Saturday, November 29, 2008

Close Encounters of the Large Kind - Part II

There was quite a bit of shipping activity along our route. Out past San Clemente Island is a north south corridor. Given the relationship of Los Coronodos, San Clemente and the Banks, traffic is funneled east-west along the path we took.

Once we had turned around, I noticed a tanker running parallel behind us a few miles on AIS. This turned out to be the TI Africa that was moving slowly at 9.5 to 10 knots. It took him hours to catch up since we were doing 6.5 to 7 knots. During this time it got very dark and started to rain hard. I had been on watch a while ducking under the dodger.

Occasionally, I would go down and heck the AIS display on the computer since when you looked around the boat you saw nothing. I was surprised to see that the TI Africa was only .75 miles behind us since I could not see him. That was no big deal compared to what I saw next. The Oakland Express was 4.5 miles off the port bow doing 22 knots on it's way to Panama. The Express seemed to be coming at the two of us on the display. I sat and watched the little triangle between the three of us growing smaller. You start to think things like, "Big ocean, wonder why everybody is HERE".

TI Africa
was now about a half mile back on our port stern quarter. I began to see scenarios like he would catch up and then be forced to turn away from the Express, towards us. I still could not see him or any lights. I decided to call the Express and see if could see us on radar or AIS. He saw us and said in a very heavy Panamanian accent that he would pass 1/2 mile **** of us. Was that before or behind, I could not tell, but I think before. I hear the TI Africa call the Express and to ask if he sees him. He did. Must have been before or he would hit the Africa?!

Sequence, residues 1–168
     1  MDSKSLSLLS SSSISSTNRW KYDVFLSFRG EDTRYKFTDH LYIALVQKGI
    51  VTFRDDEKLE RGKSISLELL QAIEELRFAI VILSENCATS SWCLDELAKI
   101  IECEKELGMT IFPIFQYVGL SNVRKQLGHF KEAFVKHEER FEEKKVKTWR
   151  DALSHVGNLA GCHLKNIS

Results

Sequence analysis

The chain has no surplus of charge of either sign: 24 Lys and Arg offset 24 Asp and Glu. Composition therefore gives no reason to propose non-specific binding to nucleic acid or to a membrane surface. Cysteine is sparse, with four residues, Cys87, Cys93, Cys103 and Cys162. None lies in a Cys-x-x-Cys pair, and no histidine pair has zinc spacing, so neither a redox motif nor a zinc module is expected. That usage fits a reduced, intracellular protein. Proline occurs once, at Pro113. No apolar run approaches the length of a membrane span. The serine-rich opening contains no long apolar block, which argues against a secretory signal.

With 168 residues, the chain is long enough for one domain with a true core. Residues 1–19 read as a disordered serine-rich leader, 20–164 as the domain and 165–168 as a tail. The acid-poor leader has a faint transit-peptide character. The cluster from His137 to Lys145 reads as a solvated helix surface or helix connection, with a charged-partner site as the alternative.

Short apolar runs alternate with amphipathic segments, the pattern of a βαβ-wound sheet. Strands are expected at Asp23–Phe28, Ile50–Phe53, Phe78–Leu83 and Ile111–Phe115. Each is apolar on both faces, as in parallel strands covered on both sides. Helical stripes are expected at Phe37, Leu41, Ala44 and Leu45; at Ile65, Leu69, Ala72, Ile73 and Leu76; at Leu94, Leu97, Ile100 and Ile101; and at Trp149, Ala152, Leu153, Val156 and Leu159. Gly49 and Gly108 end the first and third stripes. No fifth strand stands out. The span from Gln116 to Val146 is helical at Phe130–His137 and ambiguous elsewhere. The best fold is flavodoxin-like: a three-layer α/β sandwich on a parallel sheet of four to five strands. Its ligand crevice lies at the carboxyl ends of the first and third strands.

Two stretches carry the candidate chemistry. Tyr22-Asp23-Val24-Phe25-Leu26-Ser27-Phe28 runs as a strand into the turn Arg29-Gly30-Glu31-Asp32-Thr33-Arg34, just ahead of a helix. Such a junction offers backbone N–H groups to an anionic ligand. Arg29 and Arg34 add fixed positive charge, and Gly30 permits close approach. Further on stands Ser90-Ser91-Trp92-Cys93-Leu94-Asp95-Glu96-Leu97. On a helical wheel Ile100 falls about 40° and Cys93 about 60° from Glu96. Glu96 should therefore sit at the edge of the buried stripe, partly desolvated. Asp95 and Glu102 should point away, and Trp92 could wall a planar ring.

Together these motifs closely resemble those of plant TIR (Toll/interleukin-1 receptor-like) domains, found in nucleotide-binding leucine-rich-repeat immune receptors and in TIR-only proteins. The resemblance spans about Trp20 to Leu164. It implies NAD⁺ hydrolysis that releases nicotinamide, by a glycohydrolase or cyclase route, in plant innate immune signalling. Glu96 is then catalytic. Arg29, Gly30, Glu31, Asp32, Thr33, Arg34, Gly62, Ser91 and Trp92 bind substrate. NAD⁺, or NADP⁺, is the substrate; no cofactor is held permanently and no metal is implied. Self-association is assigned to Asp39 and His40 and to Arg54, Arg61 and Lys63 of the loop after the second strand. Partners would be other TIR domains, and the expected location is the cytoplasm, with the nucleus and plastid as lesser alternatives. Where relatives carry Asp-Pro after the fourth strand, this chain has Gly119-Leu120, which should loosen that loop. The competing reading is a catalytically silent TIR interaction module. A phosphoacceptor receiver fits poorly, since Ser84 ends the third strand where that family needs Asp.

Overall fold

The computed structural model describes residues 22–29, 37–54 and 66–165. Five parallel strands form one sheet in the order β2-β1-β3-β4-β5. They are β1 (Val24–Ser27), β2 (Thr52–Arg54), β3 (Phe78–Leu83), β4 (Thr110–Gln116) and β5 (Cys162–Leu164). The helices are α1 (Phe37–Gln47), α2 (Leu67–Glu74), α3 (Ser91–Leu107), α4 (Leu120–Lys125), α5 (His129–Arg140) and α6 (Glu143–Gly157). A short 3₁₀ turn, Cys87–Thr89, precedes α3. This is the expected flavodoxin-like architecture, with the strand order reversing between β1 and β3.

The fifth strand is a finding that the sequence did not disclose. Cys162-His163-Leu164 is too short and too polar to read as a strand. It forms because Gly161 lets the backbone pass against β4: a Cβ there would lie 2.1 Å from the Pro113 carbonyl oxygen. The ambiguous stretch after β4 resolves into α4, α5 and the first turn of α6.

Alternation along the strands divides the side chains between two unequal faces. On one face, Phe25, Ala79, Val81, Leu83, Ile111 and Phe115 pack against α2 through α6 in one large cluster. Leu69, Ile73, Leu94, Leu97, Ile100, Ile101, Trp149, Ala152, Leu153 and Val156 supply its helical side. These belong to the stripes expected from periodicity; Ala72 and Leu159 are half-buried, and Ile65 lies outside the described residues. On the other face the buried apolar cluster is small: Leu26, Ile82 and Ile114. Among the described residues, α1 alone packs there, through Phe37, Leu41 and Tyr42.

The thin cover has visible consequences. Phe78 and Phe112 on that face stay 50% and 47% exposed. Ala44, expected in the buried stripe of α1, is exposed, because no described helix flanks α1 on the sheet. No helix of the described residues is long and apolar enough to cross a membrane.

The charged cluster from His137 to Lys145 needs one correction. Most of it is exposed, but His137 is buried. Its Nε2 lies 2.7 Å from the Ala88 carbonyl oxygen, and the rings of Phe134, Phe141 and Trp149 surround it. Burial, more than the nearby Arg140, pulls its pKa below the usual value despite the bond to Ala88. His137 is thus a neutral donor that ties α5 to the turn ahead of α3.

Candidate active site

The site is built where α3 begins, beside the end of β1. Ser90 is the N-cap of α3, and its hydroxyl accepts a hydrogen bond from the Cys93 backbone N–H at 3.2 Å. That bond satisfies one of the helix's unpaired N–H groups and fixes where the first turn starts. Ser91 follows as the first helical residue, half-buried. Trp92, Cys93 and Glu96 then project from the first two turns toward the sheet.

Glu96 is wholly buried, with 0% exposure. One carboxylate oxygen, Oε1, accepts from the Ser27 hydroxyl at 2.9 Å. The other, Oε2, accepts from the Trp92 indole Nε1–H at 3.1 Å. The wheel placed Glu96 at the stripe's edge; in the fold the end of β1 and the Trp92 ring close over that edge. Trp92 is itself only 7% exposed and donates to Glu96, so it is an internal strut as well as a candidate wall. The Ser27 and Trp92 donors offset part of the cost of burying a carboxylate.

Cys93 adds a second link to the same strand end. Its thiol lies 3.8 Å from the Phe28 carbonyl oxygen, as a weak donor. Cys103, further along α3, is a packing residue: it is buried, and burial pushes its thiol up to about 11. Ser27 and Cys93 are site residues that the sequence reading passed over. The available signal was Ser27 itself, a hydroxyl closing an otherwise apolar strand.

About this time, the Express was less than a mile off and the Africa was between a quarter and a half a mile. I still could not see anything. The triangle shrinks some more. Zoom in on the map and the triangle gets bigger -- that's better, for a couple minutes.

I now saw some dim lights aft of the beam on the port side. I think that it must be the Africa back there. AIS shows it is the Express, who burns across our bow at a sharp angle over the next few minutes. 22 knots looks really fast when you are used to six. He could only be 1/4 mile away at the most. Now I can see the Africa right off the port stern about 1/4 mile away. These are big ships, 300 meters or so. We all must have been crowding into a half mile circle. I spent a few minutes counting rivets. The Express disappeared into the dark and rain never to be seen again. I could see the Africa for a half hour or so as he slowly pulled away.

I began to wonder where we stowed the single malt.

1 comment:

John Fryer said...

That's cool! Love it

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